Image by Mohammad Mohsenifar

It's been exactly a year since the first case of COVID-19 was confirmed in China, according to a March report by the South China Morning Post.

According to government data obtained by the newspaper, the first patient was likely a 55-year-old from Hubei province, identified by officials on November 17, 2019 — a stark illustration of how quickly the novel virus has spread to nearly every populated area on Earth.

It was weeks, though, before Chinese authorities officially acknowledged the first infection, as Newsweek reports.

Finding the first person to be infected, or "patient zero," could allow researchers to trace the virus back to its source. So far, our best guess is that the virus spread from bats to humans.

Whether the patient found a year ago was actually patient zero is unknown and likely unknowable, though. Identifying patient zero may have worked in the 2011 thriller "Contagion," but in real life it's not that straightforward — especially because many COVID patients can spread the virus while experiencing mild symptoms or none at all.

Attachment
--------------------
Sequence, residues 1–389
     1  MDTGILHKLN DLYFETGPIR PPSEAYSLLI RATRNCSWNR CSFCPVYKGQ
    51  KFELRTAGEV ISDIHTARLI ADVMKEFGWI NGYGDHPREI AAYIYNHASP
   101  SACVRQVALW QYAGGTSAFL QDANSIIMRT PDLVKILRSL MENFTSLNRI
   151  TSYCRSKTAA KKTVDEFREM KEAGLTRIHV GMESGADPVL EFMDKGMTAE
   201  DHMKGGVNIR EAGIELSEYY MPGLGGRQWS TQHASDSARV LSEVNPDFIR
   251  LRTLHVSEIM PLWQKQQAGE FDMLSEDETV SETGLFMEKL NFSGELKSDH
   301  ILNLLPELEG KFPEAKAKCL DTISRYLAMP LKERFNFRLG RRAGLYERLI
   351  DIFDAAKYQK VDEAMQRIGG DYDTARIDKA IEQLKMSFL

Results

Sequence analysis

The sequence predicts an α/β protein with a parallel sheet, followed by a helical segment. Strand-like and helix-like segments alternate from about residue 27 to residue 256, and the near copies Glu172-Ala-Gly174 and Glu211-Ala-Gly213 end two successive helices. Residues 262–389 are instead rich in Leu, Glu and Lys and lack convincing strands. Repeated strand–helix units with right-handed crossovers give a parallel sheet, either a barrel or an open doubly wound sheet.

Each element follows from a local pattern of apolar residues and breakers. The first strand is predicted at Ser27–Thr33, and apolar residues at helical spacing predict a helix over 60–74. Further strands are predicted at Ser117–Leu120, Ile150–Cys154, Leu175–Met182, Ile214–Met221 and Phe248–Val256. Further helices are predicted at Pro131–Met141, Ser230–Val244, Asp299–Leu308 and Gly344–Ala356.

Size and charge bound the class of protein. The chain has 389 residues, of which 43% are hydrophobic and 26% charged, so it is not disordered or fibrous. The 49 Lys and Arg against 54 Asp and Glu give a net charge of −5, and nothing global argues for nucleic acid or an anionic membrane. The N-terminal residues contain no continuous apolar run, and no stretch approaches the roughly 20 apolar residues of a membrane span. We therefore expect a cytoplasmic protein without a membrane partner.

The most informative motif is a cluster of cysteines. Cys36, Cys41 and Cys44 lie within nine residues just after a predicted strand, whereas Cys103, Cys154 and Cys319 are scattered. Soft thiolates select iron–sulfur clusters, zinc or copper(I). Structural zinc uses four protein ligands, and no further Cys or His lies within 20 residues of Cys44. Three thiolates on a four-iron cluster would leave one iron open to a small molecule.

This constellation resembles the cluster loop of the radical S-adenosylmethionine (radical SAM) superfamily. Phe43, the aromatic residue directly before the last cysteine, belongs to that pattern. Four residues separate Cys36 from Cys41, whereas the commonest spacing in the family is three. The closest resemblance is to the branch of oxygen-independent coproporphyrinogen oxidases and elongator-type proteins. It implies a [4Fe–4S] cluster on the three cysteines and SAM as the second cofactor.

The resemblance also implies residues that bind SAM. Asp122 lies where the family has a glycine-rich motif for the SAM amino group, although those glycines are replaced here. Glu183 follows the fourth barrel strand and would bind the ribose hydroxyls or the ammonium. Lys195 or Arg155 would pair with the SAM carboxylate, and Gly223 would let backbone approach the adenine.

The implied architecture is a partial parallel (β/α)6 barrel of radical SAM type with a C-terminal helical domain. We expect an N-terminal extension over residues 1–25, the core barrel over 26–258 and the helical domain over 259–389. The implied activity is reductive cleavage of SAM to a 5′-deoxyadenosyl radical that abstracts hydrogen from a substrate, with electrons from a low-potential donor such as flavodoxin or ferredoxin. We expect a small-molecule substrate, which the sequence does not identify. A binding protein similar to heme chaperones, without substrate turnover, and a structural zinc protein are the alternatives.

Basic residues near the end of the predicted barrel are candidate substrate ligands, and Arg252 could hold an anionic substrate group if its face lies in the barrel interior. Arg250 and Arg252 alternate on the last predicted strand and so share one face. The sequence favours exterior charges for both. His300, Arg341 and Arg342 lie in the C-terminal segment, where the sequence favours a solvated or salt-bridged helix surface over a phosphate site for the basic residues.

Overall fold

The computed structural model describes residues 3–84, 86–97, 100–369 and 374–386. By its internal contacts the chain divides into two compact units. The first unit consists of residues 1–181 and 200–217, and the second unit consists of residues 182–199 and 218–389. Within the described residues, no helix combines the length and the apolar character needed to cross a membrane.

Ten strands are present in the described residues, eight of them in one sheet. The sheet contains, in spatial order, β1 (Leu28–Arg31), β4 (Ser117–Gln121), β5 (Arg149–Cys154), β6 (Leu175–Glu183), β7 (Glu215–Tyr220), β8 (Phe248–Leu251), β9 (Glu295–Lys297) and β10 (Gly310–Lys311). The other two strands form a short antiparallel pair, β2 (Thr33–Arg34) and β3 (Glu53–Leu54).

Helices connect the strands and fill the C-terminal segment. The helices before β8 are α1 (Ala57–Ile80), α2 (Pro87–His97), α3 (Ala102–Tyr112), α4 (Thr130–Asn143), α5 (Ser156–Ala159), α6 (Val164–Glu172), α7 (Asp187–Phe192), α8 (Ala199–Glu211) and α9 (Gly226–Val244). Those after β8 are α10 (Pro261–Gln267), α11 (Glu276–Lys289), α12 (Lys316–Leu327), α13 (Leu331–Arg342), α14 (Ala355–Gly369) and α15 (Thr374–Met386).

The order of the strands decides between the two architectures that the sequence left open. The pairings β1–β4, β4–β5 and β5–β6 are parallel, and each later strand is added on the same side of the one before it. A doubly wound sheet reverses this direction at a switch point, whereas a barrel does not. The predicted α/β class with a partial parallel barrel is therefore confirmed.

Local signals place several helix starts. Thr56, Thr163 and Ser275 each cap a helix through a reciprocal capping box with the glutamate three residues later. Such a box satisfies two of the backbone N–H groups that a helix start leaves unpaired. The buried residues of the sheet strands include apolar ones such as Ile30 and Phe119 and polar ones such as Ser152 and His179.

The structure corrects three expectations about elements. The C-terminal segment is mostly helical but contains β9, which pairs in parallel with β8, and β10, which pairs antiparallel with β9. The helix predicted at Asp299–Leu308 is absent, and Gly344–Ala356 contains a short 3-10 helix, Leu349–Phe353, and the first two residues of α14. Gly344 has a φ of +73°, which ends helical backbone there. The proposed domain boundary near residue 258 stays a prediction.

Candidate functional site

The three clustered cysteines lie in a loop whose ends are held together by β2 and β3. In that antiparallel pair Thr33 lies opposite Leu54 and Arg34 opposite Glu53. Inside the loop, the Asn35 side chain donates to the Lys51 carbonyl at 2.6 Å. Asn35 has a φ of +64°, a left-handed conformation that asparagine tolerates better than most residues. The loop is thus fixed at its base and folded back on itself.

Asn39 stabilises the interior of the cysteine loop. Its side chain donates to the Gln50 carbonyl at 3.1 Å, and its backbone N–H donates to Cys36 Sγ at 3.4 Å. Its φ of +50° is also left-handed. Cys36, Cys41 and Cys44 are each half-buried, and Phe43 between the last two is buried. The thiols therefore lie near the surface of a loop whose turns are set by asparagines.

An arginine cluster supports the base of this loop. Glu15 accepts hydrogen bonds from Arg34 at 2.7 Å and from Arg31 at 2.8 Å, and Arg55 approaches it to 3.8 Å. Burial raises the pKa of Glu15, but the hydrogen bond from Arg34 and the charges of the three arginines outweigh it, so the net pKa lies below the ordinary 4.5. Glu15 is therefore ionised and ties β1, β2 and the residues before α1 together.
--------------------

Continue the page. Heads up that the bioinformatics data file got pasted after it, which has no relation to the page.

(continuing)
"It sounds good in the movies to go back and find the person who was first exposed to the bat, but the chance of ever finding that in reality is almost zero," Edward Holmes, leading virologist at the University of Sydney, told ABC Australia in a story marking the same 12-month anniversary.